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Behind the Scenes: Life after San Quentin

  • Story Highlights
  • Chris Shurn served four years in San Quentin Prison
  • Shurn earned a GED and nearly completed an associate degree in prison
  • He currently makes $9 per hour as a courier and hopes to return to college
  • "Every day of my life, with or without work, I feel vulnerable," says Shurn
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By Stan Wilson
CNN Producer
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In our Behind the Scenes series, CNN correspondents and producers share their experiences in covering news and analyze the stories behind the events. CNN's Soledad O'Brien and Stan Wilson visited San Quentin for "Black in America: The Black Man" which rebroadcasts tonight at 8 p.m. ET.

Chris Shurn in San Quentin

"I want to have everything that an average American would want," said Chris Shurn who served time in prison.

OAKLAND, California (CNN) -- Chris Shurn walked out of San Quentin Prison in June after serving four years of hard time for possession of crack cocaine and a weapon charge. He joined at least 3,000 men paroled each year in Oakland, California, where the recidivism rate is more than 50 percent.

When our documentary team first met Shurn inside San Quentin in 2008, he considered himself one of the lucky ones. At 21, he entered prison with a fourth-grade education, but left with a GED certificate and was only a few semesters short of earning an associate degree.

Shurn told us there were few role models around him as a kid. He said his father left home before he entered the first grade, his mother was a crack addict and he was surrounded by a lot of violence. Ironically, San Quentin is where Shurn met the kind of role models he said he needed to break the cycle of incarceration.

His hard work and determination to change caught the eye of Everett Highbaugh, who runs a program called Project Choice. Twice a week, Highbaugh goes into San Quentin with the goal of transforming men like Shurn from drug entrepreneurs to business entrepreneurs.

Upon his release, Shurn replaced his dreadlocks and prison uniform with casual attire and a neatly manicured haircut. He said he felt relieved after the harsh conditions of prison life, but said he struggles every day in his Oakland neighborhood to resist the temptations of making easy money by selling crack cocaine.

Black in America
Watch an encore presentation of "The Black Man." Then, Anderson Cooper and Soledad O'Brien examine the continuing challenges of being black in America and look at the pioneers and leaders in the African-American community in a special preview of "Black in America 2."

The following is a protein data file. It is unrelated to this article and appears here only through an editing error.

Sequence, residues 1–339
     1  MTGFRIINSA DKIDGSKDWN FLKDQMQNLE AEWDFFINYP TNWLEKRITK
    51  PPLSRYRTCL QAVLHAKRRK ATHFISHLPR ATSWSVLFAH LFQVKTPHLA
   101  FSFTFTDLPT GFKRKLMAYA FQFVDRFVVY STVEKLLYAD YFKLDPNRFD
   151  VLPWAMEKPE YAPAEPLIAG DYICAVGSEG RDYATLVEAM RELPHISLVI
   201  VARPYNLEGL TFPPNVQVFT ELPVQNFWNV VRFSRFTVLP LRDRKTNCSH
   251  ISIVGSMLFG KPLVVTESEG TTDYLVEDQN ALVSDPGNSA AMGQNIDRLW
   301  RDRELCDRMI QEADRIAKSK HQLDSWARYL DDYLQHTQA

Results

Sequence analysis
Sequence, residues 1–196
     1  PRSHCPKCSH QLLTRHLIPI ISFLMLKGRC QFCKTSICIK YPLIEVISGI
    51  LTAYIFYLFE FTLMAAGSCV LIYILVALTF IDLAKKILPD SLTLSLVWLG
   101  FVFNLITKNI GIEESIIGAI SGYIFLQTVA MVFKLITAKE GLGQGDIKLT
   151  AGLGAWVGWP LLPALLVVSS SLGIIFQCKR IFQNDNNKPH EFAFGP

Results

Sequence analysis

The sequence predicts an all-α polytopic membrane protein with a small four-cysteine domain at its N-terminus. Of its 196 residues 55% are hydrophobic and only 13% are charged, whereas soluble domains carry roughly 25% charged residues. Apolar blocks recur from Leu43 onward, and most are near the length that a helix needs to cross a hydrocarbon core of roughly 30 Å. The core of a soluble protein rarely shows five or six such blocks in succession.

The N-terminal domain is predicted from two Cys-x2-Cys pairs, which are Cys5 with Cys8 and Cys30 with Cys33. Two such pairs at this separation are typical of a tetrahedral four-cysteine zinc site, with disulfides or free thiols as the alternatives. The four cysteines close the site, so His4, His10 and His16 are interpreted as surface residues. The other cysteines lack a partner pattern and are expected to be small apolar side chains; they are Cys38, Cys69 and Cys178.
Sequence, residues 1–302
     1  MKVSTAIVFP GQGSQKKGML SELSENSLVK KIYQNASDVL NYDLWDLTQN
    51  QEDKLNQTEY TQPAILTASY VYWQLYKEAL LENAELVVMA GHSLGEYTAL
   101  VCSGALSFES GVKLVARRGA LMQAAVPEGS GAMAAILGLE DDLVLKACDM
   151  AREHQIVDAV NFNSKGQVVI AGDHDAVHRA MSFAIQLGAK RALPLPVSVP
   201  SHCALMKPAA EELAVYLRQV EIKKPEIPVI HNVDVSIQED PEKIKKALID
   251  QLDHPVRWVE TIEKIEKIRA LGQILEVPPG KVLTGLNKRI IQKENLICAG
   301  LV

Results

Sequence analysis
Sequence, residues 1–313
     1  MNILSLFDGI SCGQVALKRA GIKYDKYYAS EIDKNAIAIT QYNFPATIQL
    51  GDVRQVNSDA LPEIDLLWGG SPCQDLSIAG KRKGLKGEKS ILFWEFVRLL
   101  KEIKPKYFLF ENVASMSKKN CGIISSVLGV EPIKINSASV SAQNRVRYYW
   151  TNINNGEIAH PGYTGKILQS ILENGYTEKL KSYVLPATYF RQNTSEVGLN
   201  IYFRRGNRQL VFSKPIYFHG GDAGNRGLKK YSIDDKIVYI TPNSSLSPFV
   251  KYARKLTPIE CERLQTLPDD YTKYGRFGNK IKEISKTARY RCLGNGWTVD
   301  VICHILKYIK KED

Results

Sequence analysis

Tonight, starting at 8 p.m. ET

"I want to have a family. I want to own a house. I want to have everything that an average American would want; a good-paying job, a career," he said.

But the odds are against him. Nearly 1 million black men are behind bars, an especially crippling blow to black communities, where one in three black men will have a prison record in their lifetimes. They leave behind communities filled with fear, broken families and a generation of vulnerable children.

After Shurn left San Quentin, Highbaugh was in contact with him twice a week and helped him land a part-time job at Goodwill Industries. At Goodwill, Shurn spent 30 hours a week in a labor-intensive job, stacking goods and preparing them for shipment.

"I remember reading a lot of these very same books in prison," said Shurn as he was busy working.

He was grateful to have a job, but frustrated because it paid so little, $7 an hour. That job lasted only a few months.

When we caught up with him in January, he had been unemployed for a while. As he sat in Oakland's Oracle Arena watching the inauguration of President Barack Obama, he wondered how he was going to help support his girlfriend and her daughter and earn enough tuition money to continue working toward his degree.

Shurn has moved a few times, but is still hoping for success, still fighting against long odds, particularly in a severely debilitated job market. He's hopeful that his hard work and the skills he learned through Project Choice will be a much better alternative than making easy money on the street -- a certain pathway back to prison.

"Every day of my life, with or without work, I feel vulnerable," said Shurn. "Instead of waking up every day and going to a 9-to-5; I used to wake up and go outside and sell some drugs and have my money for a whole week."

"It crosses my mind, but I got to a point where I'm disciplined and don't need to venture into it."


A few weeks ago, Shurn was hired as a courier for a local printing business. The job pays $9 per hour; $2 more than his previous job.

He says the new job won't be enough to pay all the bills, but his goal is to build a résumé so future employers will take a chance on an ex-convict who's trying to recover from a mistake that cost him four years of his life.

All About San Quentin State PrisonAfrican-American Issues

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